experiments investigating the effects of radiofrequency energy (RF) exposures characteristic of wireless phones have yielded conflicting results that often cannot be repeated in other laboratories. A few animal studies, however, have suggested that low levels of RF could accelerate the development of cancer in laboratory animals. However, many of the studies that showed increased tumor development used animals that had been genetically engineered or treated with cancer-causing chemicals so as to be pre-disposed to develop cancer in the absence of RF exposure. Other studies exposed the animals to RF for up to 22 hours per day. These conditions are not similar to the conditions under which people use wireless phones, so we don’t know with certainty what the results of such studies mean for human health.
Three large epidemiology studies have been published since December 2000. Between them, the studies investigated any possible association between the use of wireless phones and primary brain cancer, glioma, meningioma, or acoustic neuroma, tumors of the brain or salivary gland, leukemia, or other cancers. None of the studies demonstrated the existence of any harmful health effects from wireless phone RF exposures. However, none of the studies can answer questions about long-term exposures, since the average period of phone use in these studies was around three years.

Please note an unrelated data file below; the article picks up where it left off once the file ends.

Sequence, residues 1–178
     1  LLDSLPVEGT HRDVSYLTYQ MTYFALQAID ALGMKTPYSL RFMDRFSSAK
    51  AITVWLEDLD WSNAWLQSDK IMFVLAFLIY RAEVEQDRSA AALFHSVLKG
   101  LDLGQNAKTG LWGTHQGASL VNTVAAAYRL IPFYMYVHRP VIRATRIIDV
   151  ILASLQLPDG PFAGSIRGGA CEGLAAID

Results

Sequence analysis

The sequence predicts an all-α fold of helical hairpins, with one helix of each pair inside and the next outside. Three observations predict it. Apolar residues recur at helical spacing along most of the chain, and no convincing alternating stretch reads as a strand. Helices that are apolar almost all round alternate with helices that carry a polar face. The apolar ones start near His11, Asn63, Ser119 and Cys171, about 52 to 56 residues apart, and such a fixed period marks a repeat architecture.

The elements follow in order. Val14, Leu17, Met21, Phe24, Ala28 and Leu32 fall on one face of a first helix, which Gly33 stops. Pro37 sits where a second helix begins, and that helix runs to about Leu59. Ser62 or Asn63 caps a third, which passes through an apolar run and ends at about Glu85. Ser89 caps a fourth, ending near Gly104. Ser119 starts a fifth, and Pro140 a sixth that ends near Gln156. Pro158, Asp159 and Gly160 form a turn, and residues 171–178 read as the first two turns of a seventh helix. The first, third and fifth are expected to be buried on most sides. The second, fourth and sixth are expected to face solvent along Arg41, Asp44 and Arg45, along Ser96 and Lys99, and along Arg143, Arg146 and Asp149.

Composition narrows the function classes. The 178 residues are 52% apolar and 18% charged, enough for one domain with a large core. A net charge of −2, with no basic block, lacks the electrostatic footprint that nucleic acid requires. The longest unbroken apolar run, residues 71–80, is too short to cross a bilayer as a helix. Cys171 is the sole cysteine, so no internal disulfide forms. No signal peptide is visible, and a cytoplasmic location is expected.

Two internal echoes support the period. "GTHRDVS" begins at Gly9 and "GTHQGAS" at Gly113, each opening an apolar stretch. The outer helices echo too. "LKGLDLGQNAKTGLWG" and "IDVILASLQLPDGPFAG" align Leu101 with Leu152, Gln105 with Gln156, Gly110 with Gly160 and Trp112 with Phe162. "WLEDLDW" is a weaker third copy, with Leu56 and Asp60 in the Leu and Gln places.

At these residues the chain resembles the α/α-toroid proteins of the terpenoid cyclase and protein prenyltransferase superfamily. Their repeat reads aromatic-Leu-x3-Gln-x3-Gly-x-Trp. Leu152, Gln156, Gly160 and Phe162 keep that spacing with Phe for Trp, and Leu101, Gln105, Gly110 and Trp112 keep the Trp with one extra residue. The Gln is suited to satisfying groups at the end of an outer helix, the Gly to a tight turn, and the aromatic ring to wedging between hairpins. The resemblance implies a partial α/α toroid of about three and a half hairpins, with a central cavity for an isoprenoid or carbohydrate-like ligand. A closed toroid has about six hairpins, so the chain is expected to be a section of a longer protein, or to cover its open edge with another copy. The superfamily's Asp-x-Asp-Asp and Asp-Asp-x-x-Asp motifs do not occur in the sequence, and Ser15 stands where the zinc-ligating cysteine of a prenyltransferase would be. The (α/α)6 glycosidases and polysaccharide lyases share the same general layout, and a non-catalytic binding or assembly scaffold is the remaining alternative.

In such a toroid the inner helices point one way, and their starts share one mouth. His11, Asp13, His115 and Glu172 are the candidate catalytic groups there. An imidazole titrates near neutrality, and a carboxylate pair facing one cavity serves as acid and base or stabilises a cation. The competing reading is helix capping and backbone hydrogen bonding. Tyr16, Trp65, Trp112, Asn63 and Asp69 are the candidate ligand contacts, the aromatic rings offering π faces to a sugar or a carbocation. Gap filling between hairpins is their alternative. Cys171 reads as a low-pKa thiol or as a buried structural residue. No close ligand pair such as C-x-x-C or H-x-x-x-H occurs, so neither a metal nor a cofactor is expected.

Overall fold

A combination of laboratory studies and epidemiological studies of people actually using wireless phones would provide some of the data that are needed. Lifetime animal exposure studies could be completed in a few years. However, very large numbers of animals would be needed to provide reliable proof of a cancer promoting effect if one exists. Epidemiological studies can provide data that is directly applicable to human populations, but 10 or more years follow-up may be needed to provide answers about some health effects, such as cancer. This is because the interval between the time of exposure to a cancer- causing agent and the time tumors develop — if they do — may be many, many years. The interpretation of epidemiological studies is hampered by difficulties in measuring actual RF exposure during day-to-day use of wireless phones. Many factors affect this measurement, such as the angle at which the phone is held, or which model of phone is used.
The FDA is working with the U.S. National Toxicology Program and with groups of investigators around the world to ensure that high